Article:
(Orange Peel Jessamine) Mainly fragrant at night, the orange and yellow flowers of Cestrum 'Orange Peel' are the result of a cross between Night-Blooming Cestrum (C. nocturnum) and Day-Blooming Cestrum (C. diurnum).
Don't confuse Cestrum species -- members of the potato family (Solanaceae) often called Jessamines -- with Jasmines (Jasminum spp.), which are from the olive family (Oleaceae).
Orange Peel Jessamine's parents are from the tropics of the Western Hemisphere. C. nocturnum is native to Mexico and Central America as well as the Caribbean, which is also home to C. diurnum.
Barbara Bridge's former Southern Perennials and Herbs nursery of Tylertown, Mississippi, introduced Orange Peel Jessamine. Fine Gardening has called it "a veritable living bouquet" due to umbels prolific with tiny blossoms. Hummingbirds love its nectar. Deer don't nibble on it and neither should people or pets.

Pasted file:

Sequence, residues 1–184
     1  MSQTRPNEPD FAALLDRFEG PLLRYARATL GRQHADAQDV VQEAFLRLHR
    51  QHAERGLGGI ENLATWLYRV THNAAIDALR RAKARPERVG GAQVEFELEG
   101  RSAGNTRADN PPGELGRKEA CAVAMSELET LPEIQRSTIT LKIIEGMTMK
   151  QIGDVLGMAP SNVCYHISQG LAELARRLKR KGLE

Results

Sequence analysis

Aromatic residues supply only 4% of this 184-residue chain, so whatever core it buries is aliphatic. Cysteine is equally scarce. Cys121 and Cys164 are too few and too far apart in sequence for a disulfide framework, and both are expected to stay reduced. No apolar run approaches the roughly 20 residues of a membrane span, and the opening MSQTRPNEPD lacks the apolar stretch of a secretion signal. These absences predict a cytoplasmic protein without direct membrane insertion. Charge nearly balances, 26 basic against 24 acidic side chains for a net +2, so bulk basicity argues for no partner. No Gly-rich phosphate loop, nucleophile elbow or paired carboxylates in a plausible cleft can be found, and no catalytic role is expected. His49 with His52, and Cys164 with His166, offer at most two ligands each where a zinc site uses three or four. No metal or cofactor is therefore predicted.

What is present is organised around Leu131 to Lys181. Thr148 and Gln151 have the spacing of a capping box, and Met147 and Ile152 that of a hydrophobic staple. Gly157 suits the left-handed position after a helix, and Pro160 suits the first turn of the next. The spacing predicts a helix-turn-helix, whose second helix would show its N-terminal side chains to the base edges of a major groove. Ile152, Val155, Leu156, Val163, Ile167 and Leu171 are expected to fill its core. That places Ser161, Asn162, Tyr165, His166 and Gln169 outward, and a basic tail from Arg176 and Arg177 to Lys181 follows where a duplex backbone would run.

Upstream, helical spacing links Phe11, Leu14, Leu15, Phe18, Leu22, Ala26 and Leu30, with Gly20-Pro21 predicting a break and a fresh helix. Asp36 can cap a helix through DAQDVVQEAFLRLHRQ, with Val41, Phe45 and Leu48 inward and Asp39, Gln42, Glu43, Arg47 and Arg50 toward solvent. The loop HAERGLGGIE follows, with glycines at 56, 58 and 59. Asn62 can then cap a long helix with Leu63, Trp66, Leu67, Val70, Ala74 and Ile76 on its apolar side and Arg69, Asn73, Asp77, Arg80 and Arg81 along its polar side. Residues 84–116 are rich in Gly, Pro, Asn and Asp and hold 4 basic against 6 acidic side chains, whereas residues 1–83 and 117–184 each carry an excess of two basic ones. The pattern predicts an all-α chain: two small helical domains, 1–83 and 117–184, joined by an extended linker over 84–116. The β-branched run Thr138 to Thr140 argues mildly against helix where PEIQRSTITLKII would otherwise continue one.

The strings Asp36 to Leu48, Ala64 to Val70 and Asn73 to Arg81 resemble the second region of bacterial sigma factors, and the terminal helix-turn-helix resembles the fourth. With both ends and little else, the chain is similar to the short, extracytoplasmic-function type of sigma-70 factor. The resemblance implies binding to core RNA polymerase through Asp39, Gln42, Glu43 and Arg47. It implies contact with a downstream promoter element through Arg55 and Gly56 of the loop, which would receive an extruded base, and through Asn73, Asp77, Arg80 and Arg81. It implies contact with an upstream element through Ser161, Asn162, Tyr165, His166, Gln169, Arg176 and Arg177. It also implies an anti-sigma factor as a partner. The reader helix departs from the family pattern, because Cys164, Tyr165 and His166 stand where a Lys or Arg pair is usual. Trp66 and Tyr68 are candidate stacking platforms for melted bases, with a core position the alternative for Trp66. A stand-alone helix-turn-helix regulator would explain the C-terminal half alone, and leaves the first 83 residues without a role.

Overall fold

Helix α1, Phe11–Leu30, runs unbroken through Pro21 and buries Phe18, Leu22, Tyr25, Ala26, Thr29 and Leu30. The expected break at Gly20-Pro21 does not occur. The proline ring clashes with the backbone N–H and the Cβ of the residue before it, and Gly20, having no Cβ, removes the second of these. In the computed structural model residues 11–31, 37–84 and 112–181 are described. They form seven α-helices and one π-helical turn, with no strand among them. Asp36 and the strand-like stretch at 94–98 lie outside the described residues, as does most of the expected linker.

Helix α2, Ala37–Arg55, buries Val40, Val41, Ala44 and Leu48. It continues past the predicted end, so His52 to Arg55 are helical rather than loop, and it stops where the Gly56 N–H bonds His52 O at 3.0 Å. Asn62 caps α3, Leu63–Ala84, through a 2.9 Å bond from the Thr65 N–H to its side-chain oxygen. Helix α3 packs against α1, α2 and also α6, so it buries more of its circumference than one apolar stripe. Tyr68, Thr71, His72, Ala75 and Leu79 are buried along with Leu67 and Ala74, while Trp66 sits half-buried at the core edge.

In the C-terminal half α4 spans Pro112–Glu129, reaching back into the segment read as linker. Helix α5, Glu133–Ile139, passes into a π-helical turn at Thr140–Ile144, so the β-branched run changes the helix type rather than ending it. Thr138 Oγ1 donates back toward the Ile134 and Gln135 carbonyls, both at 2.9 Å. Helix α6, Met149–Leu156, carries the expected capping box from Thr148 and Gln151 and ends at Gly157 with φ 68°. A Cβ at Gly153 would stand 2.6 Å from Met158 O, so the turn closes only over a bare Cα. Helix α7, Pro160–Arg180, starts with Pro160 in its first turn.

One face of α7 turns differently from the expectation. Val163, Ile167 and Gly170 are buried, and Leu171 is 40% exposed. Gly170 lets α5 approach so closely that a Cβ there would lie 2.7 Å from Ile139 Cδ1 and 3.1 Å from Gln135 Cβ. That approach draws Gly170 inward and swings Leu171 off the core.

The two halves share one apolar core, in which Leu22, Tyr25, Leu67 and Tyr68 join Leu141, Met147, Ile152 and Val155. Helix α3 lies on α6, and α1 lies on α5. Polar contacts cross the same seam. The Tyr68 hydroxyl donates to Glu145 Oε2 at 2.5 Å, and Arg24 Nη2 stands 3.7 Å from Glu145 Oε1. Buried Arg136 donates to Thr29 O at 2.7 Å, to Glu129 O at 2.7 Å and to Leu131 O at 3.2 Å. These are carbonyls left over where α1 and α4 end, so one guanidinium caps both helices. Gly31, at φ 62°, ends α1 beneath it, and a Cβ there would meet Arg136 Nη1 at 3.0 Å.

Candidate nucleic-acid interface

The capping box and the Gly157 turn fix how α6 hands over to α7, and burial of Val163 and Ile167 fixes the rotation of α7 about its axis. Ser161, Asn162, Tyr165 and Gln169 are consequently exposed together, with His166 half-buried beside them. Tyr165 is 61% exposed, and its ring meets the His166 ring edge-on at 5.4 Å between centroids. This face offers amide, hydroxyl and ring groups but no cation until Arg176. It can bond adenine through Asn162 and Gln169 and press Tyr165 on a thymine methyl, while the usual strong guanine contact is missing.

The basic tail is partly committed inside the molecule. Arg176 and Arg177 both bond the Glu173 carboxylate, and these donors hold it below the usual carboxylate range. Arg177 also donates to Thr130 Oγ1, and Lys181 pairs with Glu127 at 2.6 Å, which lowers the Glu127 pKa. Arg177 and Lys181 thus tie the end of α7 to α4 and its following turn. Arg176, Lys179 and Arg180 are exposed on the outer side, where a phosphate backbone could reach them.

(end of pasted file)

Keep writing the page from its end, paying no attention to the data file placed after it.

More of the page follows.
This is a full sun subshrub -- a shrub that acts as a perennial and dies to ground during winter in the cooler part of its range. It is long blooming and heat tolerant. Expect it to grow tall and moderately wide with rich, well-drained soil and average watering based on local conditions.
Hummingbirds love Salvia (sage) nectar and are attracted to it by the bright colors of tubular sage blossoms. In particular, these little whirlybirds can easily spot flowers in the red spectrum, which is prevalent among sages. Here are some hummingbird gardening tips.
If you live in suburbs or rural areas where deer plunder gardens, Salvias (sages) can be part of your plan for discouraging these hungry visitors. Here are some tips.